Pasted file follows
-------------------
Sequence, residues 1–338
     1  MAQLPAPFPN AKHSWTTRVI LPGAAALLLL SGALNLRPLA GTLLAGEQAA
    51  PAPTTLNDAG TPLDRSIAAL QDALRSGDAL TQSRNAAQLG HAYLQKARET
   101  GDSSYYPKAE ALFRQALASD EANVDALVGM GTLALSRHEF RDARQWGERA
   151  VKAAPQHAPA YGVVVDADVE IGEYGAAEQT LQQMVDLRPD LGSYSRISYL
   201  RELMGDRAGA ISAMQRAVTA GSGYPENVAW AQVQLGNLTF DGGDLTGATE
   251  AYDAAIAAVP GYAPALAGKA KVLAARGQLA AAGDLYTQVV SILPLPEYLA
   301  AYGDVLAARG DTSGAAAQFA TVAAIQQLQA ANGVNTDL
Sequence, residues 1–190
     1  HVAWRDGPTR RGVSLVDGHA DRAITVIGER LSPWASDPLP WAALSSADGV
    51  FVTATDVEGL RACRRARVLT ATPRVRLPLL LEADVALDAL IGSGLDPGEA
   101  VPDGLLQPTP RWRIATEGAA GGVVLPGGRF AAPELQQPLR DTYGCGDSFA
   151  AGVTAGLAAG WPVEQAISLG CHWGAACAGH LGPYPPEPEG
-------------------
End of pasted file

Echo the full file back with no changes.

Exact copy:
Sequence, residues 1–338
     1  MAQLPAPFPN AKHSWTTRVI LPGAAALLLL SGALNLRPLA GTLLAGEQAA
    51  PAPTTLNDAG TPLDRSIAAL QDALRSGDAL TQSRNAAQLG HAYLQKARET
   101  GDSSYYPKAE ALFRQALASD EANVDALVGM GTLALSRHEF RDARQWGERA
   151  VKAAPQHAPA YGVVVDADVE IGEYGAAEQT LQQMVDLRPD LGSYSRISYL
   201  RELMGDRAGA ISAMQRAVTA GSGYPENVAW AQVQLGNLTF DGGDLTGATE
   251  AYDAAIAAVP GYAPALAGKA KVLAARGQLA AAGDLYTQVV SILPLPEYLA
   301  AYGDVLAARG DTSGAAAQFA TVAAIQQLQA ANGVNTDL
Sequence, residues 1–190
     1  HVAWRDGPTR RGVSLVDGHA DRAITVIGER LSPWASDPLP WAALSSADGV
    51  FVTATDVEGL RACRRARVLT ATPRVRLPLL LEADVALDAL IGSGLDPGEA
   101  VPDGLLQPTP RWRIATEGAA GGVVLPGGRF AAPELQQPLR DTYGCGDSFA
   151  AGVTAGLAAG WPVEQAISLG CHWGAACAGH LGPYPPEPEG